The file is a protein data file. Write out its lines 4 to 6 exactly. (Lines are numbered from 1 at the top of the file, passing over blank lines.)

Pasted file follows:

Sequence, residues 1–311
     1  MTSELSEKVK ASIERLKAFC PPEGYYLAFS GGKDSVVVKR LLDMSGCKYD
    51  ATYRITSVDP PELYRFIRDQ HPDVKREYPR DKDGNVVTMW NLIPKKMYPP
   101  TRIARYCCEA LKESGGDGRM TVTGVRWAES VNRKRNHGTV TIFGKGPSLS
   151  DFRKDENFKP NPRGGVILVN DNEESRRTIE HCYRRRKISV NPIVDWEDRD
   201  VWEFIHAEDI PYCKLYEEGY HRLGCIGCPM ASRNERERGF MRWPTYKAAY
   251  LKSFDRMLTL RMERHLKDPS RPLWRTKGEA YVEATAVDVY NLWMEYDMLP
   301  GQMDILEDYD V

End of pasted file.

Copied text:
   101  TRIARYCCEA LKESGGDGRM TVTGVRWAES VNRKRNHGTV TIFGKGPSLS
   151  DFRKDENFKP NPRGGVILVN DNEESRRTIE HCYRRRKISV NPIVDWEDRD
   201  VWEFIHAEDI PYCKLYEEGY HRLGCIGCPM ASRNERERGF MRWPTYKAAY